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Fear or Faith?Fear or Faith?
by Scott Owings

    Fear or faith? Yes, THAT is the question. Though few of us would like to admit it, fear is one of the overriding emotions that we face today. The world markets reflect our fear as the past few days have shown. Jobs are being cut. Travel security is up. Troops are being deployed. It’s a scary time.

    Of course, fear is “nothing new under the sun.” As biblical scholar N.T. Wright points out, “No other command is found more often in Scripture than ‘Do not be afraid’.” Angels, prophets, and our Lord himself often uttered these simple words: “Fear not.”

    But you might ask, “How? How can we respond with faith in times such as these? How can we put to death the fear that so easily arises in our hearts?”

    In a word, the answer is PRAYER.

    There are lots of prayers found in Scripture that we can, and should, pray in times of uncertainty and fear. But for a few moments think with me about Jacob. You remember that rascal-vagabond-heel-grabber named Jacob? After years of deception (and yet blessing from the Lord’s hand), Jacob came to the point where he had to face his fears, namely, his fears of his brother Esau.

    How did Jacob respond to these overwhelming fears? He began by trying to get his proverbial “ducks in a row”; you know, taking care of business, settling the family down, and then getting away for some time alone. Who knows, maybe he thought the Lord might give him another one of those “Stairway to Heaven” dreams? However, nothing seemed to work — no rest, no sleep, only the fearful thought of what tomorrow might hold.

    Genesis 32:22-32 tells us the story of what did work — how prayer was the weapon that enabled Jacob’s faith to win the victory over fear! The narrative graphically describes Jacob wrestling all night with a mysterious visitor; that is, with God himself! When we have fear and uncertainty, God comes near. We may not have the words but God meets us where we are—warts and all. In fact, it very well may be that we come to understand God not so much when we are having a “mountain-top experience” but as we struggle, in silence, to understand what he’s doing in the world. Paul says as much in Romans 15:31-32: “I urge you brothers and sisters, by our Lord Jesus and Christ and by the love of the Spirit, to join me in my struggle by praying...”

    The story goes on to tell us how after wrestling with God all night, Jacob asked for a blessing. No, he didn’t sing God bless America, but he did understand how God was the one who gives children, land, prosperity, and safety. The surprising thing, however, is how God blessed Jacob. He replied, “You shall no longer be called Jacob but Israel for you have striven with God and man, and prevailed.” (Gen. 32:28) Jacob, like so often is the case with us, thought blessing involved receiving new “stuff.” What Jacob received was a new name, a new identity. From now on he would be called God rules/God preserves/God protects. As we pray and sing for God to bless our country, are we prepared for what he might give us? And most importantly, are we prepared, like Jacob, to become a blessing to all nations?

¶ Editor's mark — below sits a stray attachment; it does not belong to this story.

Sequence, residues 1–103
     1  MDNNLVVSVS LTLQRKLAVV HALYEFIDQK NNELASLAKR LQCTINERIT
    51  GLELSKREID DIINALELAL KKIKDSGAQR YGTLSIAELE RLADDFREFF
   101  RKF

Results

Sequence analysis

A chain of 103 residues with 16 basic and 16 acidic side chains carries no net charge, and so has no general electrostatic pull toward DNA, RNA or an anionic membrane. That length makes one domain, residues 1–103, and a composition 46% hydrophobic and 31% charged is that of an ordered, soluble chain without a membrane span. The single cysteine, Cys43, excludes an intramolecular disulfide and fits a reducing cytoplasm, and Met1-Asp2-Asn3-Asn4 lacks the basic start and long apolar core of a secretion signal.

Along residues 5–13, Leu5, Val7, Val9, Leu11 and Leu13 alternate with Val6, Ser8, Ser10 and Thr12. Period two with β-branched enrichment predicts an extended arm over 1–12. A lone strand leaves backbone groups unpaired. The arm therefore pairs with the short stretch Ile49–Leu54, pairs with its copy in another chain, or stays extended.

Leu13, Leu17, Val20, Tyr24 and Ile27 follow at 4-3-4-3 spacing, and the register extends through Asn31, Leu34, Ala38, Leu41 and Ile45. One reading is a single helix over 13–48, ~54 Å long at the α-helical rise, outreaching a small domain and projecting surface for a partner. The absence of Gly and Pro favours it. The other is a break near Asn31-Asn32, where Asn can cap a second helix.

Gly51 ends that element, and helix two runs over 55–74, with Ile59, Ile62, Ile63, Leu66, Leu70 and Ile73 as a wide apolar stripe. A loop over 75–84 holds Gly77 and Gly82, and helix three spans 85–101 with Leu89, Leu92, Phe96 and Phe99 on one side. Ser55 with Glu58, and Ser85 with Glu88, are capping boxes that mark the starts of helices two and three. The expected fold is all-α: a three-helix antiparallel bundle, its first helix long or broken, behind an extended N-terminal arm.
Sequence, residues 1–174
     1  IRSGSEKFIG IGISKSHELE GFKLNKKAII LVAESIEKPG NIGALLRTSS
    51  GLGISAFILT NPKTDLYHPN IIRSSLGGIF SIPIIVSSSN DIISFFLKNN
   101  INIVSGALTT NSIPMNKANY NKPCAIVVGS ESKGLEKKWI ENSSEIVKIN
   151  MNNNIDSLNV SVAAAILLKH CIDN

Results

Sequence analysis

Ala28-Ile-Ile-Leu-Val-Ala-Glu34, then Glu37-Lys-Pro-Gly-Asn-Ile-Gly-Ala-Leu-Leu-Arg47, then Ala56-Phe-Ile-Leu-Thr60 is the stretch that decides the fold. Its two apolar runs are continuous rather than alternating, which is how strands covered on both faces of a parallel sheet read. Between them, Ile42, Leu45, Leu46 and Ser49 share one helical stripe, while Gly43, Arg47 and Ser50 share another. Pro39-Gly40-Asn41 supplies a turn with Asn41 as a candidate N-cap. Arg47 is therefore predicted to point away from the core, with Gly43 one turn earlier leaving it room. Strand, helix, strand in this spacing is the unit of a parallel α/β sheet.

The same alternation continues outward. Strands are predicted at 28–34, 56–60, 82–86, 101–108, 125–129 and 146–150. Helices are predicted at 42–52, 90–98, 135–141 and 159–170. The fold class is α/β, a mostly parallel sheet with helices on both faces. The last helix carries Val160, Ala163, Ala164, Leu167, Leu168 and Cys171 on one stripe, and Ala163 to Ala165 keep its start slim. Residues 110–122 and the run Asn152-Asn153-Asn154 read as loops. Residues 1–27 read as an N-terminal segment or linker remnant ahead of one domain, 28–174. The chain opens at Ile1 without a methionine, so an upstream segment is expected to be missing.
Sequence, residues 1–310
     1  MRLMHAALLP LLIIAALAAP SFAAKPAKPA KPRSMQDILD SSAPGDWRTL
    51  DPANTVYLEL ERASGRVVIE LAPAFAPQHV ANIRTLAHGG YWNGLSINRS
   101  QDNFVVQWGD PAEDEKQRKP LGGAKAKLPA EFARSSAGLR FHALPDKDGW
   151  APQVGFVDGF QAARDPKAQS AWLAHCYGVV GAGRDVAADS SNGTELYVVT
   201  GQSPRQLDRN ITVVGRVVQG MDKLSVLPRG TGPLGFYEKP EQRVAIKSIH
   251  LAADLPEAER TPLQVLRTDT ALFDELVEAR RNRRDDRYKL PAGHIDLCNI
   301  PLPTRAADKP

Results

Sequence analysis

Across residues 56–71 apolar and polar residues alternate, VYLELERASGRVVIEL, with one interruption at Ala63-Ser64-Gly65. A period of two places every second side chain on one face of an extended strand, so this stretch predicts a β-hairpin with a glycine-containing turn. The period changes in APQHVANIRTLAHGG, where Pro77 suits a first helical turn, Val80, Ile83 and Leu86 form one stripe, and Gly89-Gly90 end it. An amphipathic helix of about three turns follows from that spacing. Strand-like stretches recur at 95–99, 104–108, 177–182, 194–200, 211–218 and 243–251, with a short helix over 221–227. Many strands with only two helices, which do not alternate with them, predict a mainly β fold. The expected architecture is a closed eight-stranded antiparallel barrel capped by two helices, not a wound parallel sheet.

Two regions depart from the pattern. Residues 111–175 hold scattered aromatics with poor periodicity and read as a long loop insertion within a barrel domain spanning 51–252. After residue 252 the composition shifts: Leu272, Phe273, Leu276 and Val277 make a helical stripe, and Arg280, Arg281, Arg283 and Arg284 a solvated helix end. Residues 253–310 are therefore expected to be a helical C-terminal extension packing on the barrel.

Another striking thing that this story teaches us about prayer is that God did not give Jacob what he asked. Jacob wanted to know God’s name, his identity. Even though Jacob’s request was a good one, God did not grant it. The revelation of his name would have to wait for several hundred years when he revealed it to Moses (Exodus 3). This reality may likely apply to us as well. That is, though God hears our requests to know him and understand his ways on the earth, he may not give us the answers we desire. Without doubt, he rarely answers our prayers on our timetable. Waiting is never pleasant or easy; however, it is one of the mysterious realities of prayer.

    We can also learn from Jacob’s prayer encounter that being in the Lord’s presence may affect us in dramatic ways. For Jacob, coming face to face with God was glorious and full of blessing. But it also marked Jacob with a new limp. As God meets us in prayer, we will be touched as well. As Rich Mullins sang, “we are not as strong as we think we are.” In prayer, we come face to face not only with God, but also with our weaknesses — weaknesses that will go with us throughout our walk with God.

    One thing is for certain: Jacob’s night of prayer changed him. And prayer will change us! May we have the faith to struggle with God and the boldness to ask and receive his blessings.

    Let us pray...

      © Copyright 2001, Scott Owings. Used by permission.

      Title: "Fear or Faith?"
      Author: Scott Owings
      Publication Date: October 1, 2001

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